Park Recalled Hyundai and Kia Cars Outside Due to Fire Risk
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Park Recalled Hyundai and Kia Cars Outside Due to Fire Risk

Jul 07, 2023

Another fire-related recall includes many newer Hyundai Elantra, Kona, Palisade, Sonata, and Tucson; and Kia Seltos, Soul, and Sportage vehicles

Hyundai and Kia are recalling nearly 92,000 newer SUVs and sedans because they are at risk of catching fire. Until dealers can perform a free fix, drivers should park outside and away from structures, the automakers say.

The recalled vehicles include several popular new models, including:• 2023-2024 Hyundai Palisade SUVs• 2023 Hyundai Tucson SUVs• 2023 Hyundai Sonata sedans• 2023 Hyundai Elantra sedans• 2023 Hyundai Kona SUVs (not including Kona Electric EVs)• 2023 Kia Soul hatchbacks• 2023 Kia Sportage SUVs• 2023-2024 Kia Seltos SUVs

The problem is due to a manufacturing defect involving a transmission oil pump. If this part short-circuits, drivers may notice smoke coming from underneath the vehicle, smell a burning or melting odor, be unable to turn the engine off, or see the check engine or other warning lights illuminated on the dashboard.

Kia and Hyundai say that owners can continue driving these vehicles but that they should be parked outside until they’re fixed. The automakers also say they will offer owners reimbursement for out-of-pocket expenses related to the recall.

So far, there have been no fires, crashes, or injuries related to the recall, according to documents provided to the National Highway Traffic Safety Administration. Hyundai says it is aware of four reports of heat damage to vehicles, including melted wiring and connectors, and Kia says it is aware of six similar reports.

This is the latest in a series of fire-related recalls involving Hyundai and Kia vehicles. According to tallies from Consumer Reports and the Center for Automotive Safety, over the past 13 years the automakers have sent recall notices for over 7 million cars and SUVs to fix problems that could cause vehicles to catch fire. So far, these recalls have involved engines, braking systems, and even trailer hitches.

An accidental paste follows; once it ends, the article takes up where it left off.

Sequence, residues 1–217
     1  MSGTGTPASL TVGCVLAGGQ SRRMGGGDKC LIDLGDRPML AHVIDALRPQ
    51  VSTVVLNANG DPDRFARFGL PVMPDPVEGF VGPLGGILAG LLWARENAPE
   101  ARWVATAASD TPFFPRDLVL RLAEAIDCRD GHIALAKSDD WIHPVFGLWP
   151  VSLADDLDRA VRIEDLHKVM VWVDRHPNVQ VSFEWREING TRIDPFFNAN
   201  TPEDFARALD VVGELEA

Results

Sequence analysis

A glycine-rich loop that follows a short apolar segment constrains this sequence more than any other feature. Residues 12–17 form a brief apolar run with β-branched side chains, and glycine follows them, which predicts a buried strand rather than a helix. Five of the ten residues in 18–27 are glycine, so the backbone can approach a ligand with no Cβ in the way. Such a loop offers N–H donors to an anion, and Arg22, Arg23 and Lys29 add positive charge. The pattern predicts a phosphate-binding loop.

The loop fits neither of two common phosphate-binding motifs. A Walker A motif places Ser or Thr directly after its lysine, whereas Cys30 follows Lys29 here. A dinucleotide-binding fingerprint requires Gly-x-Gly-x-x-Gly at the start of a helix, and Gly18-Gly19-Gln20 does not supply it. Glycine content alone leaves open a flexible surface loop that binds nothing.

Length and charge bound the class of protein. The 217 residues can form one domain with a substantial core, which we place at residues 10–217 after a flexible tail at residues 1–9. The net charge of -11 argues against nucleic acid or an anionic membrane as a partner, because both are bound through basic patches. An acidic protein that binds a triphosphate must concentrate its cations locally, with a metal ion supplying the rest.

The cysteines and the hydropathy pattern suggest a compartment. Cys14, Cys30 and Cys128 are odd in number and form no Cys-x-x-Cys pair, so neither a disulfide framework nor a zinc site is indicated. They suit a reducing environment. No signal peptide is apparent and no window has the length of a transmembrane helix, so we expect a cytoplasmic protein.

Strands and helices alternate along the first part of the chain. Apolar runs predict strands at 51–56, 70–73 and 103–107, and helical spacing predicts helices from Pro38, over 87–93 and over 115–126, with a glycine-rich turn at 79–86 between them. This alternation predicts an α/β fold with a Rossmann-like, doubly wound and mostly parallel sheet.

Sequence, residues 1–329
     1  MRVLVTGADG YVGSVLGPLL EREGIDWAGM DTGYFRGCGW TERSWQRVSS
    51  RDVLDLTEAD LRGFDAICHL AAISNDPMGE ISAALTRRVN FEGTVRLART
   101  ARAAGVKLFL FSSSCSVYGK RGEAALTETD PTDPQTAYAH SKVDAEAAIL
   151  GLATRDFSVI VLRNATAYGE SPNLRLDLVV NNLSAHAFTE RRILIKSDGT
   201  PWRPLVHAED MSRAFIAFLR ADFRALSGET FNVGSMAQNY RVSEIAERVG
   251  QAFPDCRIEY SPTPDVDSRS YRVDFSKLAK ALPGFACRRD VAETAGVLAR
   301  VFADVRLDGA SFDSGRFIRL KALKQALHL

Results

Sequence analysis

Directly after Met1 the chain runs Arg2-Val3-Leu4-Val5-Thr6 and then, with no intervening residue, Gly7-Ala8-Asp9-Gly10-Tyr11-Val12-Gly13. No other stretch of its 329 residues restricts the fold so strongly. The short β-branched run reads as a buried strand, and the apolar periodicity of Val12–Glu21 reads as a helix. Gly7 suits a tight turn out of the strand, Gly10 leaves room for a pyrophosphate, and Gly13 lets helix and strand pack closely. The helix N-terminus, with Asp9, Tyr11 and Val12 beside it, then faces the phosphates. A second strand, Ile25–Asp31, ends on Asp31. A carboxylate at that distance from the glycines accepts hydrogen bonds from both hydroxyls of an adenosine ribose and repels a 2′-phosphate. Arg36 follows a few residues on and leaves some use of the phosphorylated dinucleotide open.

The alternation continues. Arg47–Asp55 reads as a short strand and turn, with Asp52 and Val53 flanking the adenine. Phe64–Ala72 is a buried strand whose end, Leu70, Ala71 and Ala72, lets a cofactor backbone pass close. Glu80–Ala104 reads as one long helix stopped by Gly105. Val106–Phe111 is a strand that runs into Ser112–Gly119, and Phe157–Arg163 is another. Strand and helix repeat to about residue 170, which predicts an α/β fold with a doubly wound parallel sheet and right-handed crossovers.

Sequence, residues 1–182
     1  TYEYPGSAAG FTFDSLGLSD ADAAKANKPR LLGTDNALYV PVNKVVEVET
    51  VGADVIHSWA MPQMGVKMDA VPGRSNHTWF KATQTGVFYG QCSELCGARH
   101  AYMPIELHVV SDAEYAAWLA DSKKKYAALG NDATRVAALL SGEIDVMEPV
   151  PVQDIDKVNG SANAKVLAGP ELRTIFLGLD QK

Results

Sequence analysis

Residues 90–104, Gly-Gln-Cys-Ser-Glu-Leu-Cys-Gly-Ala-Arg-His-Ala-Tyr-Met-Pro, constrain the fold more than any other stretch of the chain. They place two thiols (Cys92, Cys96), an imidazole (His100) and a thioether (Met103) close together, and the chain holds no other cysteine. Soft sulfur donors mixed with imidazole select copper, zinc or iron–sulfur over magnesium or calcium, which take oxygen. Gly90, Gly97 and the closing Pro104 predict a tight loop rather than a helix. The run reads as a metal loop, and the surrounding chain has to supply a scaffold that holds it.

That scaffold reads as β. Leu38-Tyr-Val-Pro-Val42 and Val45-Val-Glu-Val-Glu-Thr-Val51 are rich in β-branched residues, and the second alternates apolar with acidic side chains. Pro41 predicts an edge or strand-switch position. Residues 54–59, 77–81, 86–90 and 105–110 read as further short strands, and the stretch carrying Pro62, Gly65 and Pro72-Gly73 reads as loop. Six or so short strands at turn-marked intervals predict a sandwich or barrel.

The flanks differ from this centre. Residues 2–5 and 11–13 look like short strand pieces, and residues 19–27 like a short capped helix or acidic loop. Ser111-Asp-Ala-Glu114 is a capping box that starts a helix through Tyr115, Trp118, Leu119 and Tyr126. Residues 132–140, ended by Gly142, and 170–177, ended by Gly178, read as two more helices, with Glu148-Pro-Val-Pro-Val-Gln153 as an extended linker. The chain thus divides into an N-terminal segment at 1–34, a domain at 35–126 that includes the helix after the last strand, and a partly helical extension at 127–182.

Although Hyundai and Kia are separate brands, the Hyundai Motor Co. is the largest shareholder in Kia Motors, with 33.88 percent ownership. The two brands share many of the same parts from the same suppliers, including the part involved in this recall.

Find out why so many Hyundai and Kia vehicles are getting recalled for fire risk.

Vehicles Recalled • Hyundai Palisade SUVs built between Oct. 18, 2022, and June 27, 2023• Hyundai Tucson SUVs built between Oct. 29, 2022, and April 21, 2023• Hyundai Sonata sedans built between Oct. 26, 2022, and April 3, 2023• Hyundai Elantra sedans built between Nov. 14, 2022, and June 6, 2023• Hyundai Kona SUVs built between Nov. 9, 2022, and July 8, 2023• Kia Soul hatchbacks built between Nov. 9, 2022, and May 10, 2023• Kia Sportage SUVs built between Nov. 2, 2022, and May 30, 2023• Kia Seltos SUVs built between Nov. 9, 2022, and May 29, 2023

The problem: Circuit boards inside an electric oil pump that’s part of the vehicle’s start/stop system may have been damaged during manufacturing. If this part fails, it could overheat and lead to a vehicle fire.

The fix: Dealerships will replace the faulty oil pumps, free of charge.

How to contact the manufacturer: Owners may contact Hyundai at 855-371-9460 or Kia at 800-333-4542.

NHTSA campaign number: The number for the Hyundai recall is 23V526, and Hyundai’s own number for this recall is 246. The number for the Kia recall is 23V531 and Kia’s own number for this recall is SC275.

Check to see whether your vehicle has an open recall: NHTSA’s website will tell you whether your vehicle has any open recalls that need to be addressed.

If you plug your car’s 17-digit vehicle identification number (VIN) into NHTSA’s website and a recall doesn’t appear, it means your vehicle doesn’t currently have any open recalls. Because automakers issue recalls often, and for many older vehicles, we recommend checking back regularly to see whether your vehicle has had a recall issued.

Stay informed about recalls that might affect your vehicle by using our Car Recall Tracker. Create a free account now to become a CR member.

Keith Barry

Keith Barry has been an auto reporter at Consumer Reports since 2018. He focuses on safety, technology, and the environmental impact of cars. Previously, he led home and appliance coverage at Reviewed; reported on cars for USA Today, Wired, and Car & Driver; and wrote for other publications as well. Keith earned a master’s degree in public health from Tufts University. Follow him on Twitter @itskeithbarry.

Vehicles RecalledThe problem: The fix: How to contact the manufacturer:NHTSA campaign number: Check to see whether your vehicle has an open recall: